If you fall into this category, start by moving your education section below your summary so that it is more visible.

If you have absolutely no work experience, your education section should become the most important element of your resume.

Try to improve upon this section by including as many impressive details as you can.

A high GPA, honors and awards, or extracurricular activities can show off that you are hard-working and ambitious.

If you have completed any internships or done volunteer work, those details are great to include in separate sections as well.

Above all, stay positive and persistent and you will land a job with the right company.

Server Resume Points to Remember

Short and simple

This might all sound like a lot, but it is important to keep it simple and to the point. Make sure that your resume fits completely on one page and doesn’t go onto the second. A two-page resume is never something a busy restaurant manager wants to see.

Keep things fresh

As you write your resume summary and job descriptions pay attention to your use of words. Make sure that you aren’t reusing the same keywords and that each bullet point starts with a new power word.

Special order

Make sure that you are either reviewing a job posting or reading up on the restaurant you are applying to before you write your server resume. If there is a job posting, look for specific skills and keywords that they use and make sure to include them in your own resume to show what a great fit you are.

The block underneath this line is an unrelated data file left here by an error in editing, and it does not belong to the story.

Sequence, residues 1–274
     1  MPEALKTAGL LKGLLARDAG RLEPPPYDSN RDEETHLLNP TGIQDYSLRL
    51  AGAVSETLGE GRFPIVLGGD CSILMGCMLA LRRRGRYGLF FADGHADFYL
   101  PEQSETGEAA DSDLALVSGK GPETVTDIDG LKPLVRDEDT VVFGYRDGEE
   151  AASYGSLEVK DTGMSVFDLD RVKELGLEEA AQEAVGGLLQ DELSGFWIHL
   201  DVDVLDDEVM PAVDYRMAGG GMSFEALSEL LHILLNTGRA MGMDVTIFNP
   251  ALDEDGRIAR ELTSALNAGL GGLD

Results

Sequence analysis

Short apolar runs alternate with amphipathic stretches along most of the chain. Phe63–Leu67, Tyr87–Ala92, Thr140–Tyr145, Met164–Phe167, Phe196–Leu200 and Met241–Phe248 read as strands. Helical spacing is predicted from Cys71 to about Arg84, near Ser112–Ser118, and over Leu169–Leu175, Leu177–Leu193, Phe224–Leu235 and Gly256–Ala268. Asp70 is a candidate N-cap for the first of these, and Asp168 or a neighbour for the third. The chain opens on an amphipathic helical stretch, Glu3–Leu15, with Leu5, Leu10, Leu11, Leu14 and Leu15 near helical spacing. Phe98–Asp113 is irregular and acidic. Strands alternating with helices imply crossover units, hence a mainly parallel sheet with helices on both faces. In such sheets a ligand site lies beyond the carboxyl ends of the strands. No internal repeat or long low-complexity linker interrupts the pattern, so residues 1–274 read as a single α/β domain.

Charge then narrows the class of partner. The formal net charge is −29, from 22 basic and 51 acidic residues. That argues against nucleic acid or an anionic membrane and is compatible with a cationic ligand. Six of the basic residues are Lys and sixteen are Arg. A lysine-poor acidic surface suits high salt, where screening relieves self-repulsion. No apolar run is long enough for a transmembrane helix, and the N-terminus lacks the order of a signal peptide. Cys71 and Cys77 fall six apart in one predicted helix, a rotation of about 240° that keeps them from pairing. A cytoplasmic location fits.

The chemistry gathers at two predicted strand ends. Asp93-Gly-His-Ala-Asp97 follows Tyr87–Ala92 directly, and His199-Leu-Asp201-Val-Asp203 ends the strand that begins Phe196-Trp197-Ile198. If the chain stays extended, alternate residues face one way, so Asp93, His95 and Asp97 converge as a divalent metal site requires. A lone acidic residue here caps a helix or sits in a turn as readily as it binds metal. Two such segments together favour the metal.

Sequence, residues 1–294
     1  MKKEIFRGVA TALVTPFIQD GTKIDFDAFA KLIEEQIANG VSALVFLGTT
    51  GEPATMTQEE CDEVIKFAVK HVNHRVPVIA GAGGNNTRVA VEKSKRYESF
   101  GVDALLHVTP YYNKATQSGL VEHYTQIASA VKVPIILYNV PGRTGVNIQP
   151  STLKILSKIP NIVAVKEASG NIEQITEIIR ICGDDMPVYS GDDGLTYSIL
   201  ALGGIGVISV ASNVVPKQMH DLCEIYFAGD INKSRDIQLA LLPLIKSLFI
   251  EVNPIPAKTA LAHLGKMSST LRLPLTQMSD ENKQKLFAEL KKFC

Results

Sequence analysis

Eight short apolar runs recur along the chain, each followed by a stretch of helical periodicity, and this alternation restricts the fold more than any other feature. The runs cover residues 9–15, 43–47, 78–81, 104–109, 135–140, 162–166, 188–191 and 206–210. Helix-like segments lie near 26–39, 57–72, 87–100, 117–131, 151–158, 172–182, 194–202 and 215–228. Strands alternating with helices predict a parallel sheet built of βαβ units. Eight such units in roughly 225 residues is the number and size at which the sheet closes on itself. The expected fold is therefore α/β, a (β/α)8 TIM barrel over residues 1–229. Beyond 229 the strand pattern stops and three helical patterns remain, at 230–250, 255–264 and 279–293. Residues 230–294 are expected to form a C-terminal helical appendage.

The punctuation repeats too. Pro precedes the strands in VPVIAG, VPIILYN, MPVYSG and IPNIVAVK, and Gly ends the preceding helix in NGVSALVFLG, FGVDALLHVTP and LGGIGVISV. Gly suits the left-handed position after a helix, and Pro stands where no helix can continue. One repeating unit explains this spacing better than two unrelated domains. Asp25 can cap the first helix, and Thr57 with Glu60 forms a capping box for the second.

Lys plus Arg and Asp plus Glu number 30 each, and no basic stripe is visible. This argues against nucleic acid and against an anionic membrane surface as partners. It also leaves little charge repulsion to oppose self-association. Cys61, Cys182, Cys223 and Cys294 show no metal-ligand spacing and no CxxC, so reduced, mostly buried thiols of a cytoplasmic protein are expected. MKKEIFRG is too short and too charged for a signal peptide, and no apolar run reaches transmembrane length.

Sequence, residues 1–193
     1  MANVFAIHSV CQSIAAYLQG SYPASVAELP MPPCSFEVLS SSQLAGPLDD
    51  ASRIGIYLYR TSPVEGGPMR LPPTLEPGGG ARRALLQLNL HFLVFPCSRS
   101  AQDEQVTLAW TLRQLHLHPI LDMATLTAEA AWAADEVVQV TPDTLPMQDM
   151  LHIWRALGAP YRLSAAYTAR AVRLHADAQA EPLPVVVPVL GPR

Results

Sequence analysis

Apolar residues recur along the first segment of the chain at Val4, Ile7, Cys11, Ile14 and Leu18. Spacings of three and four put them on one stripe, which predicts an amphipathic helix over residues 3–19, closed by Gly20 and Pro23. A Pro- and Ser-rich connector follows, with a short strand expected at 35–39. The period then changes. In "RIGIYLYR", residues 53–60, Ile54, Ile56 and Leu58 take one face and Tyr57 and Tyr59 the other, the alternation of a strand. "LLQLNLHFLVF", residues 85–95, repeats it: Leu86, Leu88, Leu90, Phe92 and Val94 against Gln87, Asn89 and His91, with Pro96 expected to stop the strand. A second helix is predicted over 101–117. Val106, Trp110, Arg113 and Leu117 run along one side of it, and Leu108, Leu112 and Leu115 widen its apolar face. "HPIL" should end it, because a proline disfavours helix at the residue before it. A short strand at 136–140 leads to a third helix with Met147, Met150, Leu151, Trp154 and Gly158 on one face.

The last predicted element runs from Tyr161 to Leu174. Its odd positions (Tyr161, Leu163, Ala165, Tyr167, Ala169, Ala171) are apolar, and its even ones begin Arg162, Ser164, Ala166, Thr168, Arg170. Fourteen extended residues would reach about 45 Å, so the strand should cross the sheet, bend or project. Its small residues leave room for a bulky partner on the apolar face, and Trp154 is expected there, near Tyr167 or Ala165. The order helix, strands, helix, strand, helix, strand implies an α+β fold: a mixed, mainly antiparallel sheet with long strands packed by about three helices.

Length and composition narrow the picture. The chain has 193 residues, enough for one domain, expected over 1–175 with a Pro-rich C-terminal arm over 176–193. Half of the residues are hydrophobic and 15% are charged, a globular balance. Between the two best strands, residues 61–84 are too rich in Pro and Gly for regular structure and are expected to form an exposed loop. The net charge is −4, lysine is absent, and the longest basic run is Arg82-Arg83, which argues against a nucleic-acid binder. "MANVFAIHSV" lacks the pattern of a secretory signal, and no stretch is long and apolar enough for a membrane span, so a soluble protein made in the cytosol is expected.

Try to Avoid

Don’t tap out

You wrote your server resume, time to hand it in, right? Wrong. Make sure that you are either getting someone else to look over it for you or that you are taking the time to read it out loud to yourself to catch any mistakes. You don’t want a silly typo or awkward phrase to stand between you and your next paycheck.

No filler foods

Write your resume with strong and descriptive details, but make sure you aren’t overdoing it. Every bullet point should present new information that will set you apart from other candidates. Make sure you aren’t just trying to fill up a page with information that isn’t helpful or necessary.

Make a proper introduction

It sounds silly to point out, but make sure that you aren’t leaving out your name and contact information at the top of the page. It is easy to get caught up in the details and leave the most important things out.

(See below for a helpful table of some suggested power words.)

Helpful Tools

Server Resume Power Words

  • Administered
  • Founded
  • Adept
  • Formulated
  • Built
  • Implemented
  • Created
  • Improved
  • Consolidated
  • Initiated
  • Coordinated
  • Launched
  • Developed
  • Pioneered
  • Designed
  • Organized

 Server Resume Skills List

Hard SkillsSoft Skills
Jonas SystemPunctual
Bilingual (Spanish/English)Energetic
POS SystemCustomer Service
Food Safety and SanitationMulti-tasking
Basic Math SkillsMemorization